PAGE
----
One of my favorite tasks in the world of automation is upgrading legacy control systems to newer systems.

Many a time the legacy system contains a less than desirable option for communications with other systems. In today’s world, systems must communicate with one another and ultimately the data must be made accessible to IIoT systems.

If the data doesn’t become accessible, companies cannot make use of it in their critical decision making for production, logistics, quality and a myriad of other reasons.

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During some upgrades, we simply cannot upgrade an entire system at once and it must be accomplished in pieces. We choose to upgrade the processor and or communication pieces of the control system so that protocols such as EtherNet I/P can be used instead of a serial or Highway type of communication. There can be many reasons for upgrading only a piece of the system and they can include cutover time, costs and other constraints.

Cutover Time

If you only have a small window to cutover a system to a new system and do not have time to rewire the I/O or even install conversion hardware, then this would be a time that you could only upgrade the processor or communication pieces of a system. Depending on the circumstances, processors can be swapped over in as little as half an hour.

Costs

If the budget only allows for processors, then you do what you can and that is eat the elephant one bite at a time.


Examples

Rockwell Automation has evolved their control systems from systems including Reliance Automax and Allen Bradley PLC to their ControlLogix Platform. However, they did not leave their legacy systems behind completely. They still have communication modules such as a 1756-DHRIO module that will communicate over Data Highway to various other PLC’s and devices as well as used to control 1771 I/O modules. In this scenario, a ControlLogix Processor can communicate through a 1756-DHRIO module to a 1771 chassis and control the legacy I/O as an intermediate step of upgrading a system without upgrading the I/O.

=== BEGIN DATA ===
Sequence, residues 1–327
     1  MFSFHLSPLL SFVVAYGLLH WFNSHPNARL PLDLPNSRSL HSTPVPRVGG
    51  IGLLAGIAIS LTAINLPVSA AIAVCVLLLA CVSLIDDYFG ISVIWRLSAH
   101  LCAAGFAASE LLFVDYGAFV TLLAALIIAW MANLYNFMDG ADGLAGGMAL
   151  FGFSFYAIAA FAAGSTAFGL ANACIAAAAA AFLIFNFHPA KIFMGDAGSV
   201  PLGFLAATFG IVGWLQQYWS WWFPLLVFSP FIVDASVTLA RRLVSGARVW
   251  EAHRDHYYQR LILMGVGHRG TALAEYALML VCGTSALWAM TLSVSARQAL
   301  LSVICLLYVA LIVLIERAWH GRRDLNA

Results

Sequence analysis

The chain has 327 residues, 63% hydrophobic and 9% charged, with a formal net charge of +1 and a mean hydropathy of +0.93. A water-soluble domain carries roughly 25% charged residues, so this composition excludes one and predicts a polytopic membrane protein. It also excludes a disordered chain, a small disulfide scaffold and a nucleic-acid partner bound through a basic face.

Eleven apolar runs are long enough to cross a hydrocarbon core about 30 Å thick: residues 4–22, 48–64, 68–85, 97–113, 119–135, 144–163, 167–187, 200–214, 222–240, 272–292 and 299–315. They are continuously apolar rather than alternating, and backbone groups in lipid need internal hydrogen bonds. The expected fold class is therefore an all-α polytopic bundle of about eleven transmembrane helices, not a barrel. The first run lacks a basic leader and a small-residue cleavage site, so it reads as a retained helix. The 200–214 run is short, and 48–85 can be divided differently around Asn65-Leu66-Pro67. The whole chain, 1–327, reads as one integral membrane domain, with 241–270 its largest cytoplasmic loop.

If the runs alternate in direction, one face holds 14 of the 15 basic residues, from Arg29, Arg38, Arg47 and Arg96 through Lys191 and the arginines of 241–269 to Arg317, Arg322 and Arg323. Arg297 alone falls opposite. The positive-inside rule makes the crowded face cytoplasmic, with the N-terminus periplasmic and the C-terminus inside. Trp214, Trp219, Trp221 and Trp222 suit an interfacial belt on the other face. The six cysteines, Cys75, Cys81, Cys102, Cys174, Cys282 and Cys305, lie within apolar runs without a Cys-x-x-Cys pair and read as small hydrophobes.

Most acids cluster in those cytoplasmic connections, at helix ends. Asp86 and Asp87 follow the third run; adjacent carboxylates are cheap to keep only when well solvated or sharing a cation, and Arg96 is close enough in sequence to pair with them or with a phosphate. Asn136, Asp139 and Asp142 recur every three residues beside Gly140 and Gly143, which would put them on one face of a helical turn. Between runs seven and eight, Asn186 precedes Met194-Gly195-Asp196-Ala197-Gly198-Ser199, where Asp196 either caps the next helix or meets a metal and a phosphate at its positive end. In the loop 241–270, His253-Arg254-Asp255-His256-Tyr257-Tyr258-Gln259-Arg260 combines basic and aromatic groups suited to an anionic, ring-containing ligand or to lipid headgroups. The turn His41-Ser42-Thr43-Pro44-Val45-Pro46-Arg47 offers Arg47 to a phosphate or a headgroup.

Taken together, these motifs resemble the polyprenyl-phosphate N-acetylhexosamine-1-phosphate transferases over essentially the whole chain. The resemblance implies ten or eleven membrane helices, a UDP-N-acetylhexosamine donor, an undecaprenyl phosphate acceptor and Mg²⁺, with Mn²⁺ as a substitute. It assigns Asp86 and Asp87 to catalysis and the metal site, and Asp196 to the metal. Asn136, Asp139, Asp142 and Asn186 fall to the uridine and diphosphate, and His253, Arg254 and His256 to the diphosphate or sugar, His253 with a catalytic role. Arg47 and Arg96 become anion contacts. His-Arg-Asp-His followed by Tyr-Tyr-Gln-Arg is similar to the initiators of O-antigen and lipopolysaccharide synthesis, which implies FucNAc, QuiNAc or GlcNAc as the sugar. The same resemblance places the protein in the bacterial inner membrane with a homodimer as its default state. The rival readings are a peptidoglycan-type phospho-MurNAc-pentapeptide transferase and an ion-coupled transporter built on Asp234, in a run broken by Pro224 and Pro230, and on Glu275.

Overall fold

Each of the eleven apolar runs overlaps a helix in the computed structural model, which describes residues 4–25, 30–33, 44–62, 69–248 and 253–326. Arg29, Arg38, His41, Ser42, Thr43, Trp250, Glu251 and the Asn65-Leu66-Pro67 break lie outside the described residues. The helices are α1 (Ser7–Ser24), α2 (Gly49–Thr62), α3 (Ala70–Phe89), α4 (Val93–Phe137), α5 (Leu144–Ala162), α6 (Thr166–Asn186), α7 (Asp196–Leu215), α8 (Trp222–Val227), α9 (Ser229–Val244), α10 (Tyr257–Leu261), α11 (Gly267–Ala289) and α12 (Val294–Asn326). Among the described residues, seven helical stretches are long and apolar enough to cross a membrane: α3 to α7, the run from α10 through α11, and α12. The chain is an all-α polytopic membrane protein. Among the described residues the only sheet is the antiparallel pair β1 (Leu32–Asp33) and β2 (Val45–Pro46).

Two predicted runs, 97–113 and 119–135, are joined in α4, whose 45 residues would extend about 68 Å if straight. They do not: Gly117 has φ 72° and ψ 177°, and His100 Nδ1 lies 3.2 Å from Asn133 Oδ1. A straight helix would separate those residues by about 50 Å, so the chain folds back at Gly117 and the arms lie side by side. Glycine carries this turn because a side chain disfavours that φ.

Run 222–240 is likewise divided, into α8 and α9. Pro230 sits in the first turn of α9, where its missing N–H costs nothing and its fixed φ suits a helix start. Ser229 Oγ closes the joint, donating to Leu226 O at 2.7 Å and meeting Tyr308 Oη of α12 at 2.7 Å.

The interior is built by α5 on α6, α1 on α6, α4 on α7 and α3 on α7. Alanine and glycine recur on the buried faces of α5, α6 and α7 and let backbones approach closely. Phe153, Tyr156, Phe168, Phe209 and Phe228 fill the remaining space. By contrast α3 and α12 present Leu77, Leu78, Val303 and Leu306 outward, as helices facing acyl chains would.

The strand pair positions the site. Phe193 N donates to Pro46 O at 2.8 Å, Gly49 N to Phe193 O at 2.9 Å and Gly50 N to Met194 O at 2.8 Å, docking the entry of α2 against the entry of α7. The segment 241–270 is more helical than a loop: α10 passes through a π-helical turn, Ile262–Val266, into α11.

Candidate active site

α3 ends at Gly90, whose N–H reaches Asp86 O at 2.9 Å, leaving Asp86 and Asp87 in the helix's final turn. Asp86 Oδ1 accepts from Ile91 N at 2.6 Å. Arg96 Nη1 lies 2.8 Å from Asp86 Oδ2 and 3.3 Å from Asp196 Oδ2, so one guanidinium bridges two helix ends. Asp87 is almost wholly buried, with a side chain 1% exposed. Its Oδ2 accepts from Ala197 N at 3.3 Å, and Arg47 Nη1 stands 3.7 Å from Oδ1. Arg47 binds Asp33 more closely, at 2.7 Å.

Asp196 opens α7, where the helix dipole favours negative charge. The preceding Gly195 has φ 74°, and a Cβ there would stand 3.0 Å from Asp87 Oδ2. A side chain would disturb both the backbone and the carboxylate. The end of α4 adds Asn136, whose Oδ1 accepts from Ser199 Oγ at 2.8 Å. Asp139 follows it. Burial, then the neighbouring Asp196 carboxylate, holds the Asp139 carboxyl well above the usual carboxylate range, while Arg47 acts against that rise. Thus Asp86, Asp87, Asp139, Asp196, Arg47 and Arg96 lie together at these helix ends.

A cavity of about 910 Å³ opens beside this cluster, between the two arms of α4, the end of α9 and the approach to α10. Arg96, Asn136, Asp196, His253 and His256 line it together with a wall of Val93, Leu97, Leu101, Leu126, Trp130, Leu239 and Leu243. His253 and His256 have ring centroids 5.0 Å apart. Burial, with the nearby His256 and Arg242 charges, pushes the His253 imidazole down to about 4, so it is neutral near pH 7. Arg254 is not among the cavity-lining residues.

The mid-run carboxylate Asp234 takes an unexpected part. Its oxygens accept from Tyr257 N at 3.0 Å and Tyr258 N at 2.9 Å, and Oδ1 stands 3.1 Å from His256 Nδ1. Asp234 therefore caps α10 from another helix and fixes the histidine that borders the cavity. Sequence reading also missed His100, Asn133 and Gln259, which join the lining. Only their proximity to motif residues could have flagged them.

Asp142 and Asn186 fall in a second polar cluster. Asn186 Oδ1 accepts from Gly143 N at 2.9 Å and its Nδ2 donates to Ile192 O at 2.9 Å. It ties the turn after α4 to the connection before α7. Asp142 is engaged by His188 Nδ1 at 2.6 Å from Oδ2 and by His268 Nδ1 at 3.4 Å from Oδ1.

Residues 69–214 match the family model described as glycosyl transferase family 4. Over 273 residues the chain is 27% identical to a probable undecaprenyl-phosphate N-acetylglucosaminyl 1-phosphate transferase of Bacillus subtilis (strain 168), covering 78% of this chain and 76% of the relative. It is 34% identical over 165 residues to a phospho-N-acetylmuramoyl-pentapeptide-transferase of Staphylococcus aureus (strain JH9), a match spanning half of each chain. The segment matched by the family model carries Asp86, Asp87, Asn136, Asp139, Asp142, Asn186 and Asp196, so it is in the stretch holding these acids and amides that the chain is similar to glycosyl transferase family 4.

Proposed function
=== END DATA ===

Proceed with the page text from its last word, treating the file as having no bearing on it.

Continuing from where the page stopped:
Honeywell has never left their legacy systems either. Conversion kits can be bought to communicate with the oldest Multifunction Controller systems to the TDC 3000 systems all the way to Experion Controllers. The Experion C300 controllers utilize two I/O Links (grey and violet) for I/O systems. Typically, the grey I/O link is utilized for series C I/O and the violet I/O link is utilized for PMIO (Legacy TDC3000 I/O).

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Conclusion

With decades of different, evolving, but robust control system equipment in place, companies have had to deal with keeping all or some of their legacy systems in place. The I/O for instance, are usually supported much longer than the controllers themselves. This gives more opportunity to upgrade systems in stages rather than all at once. It will be interesting to see with the next systems that are introduced, how they will still communicate with the oldest of their systems.

Written by Brandon Cooper
Senior Controls Engineer and Freelance Writer

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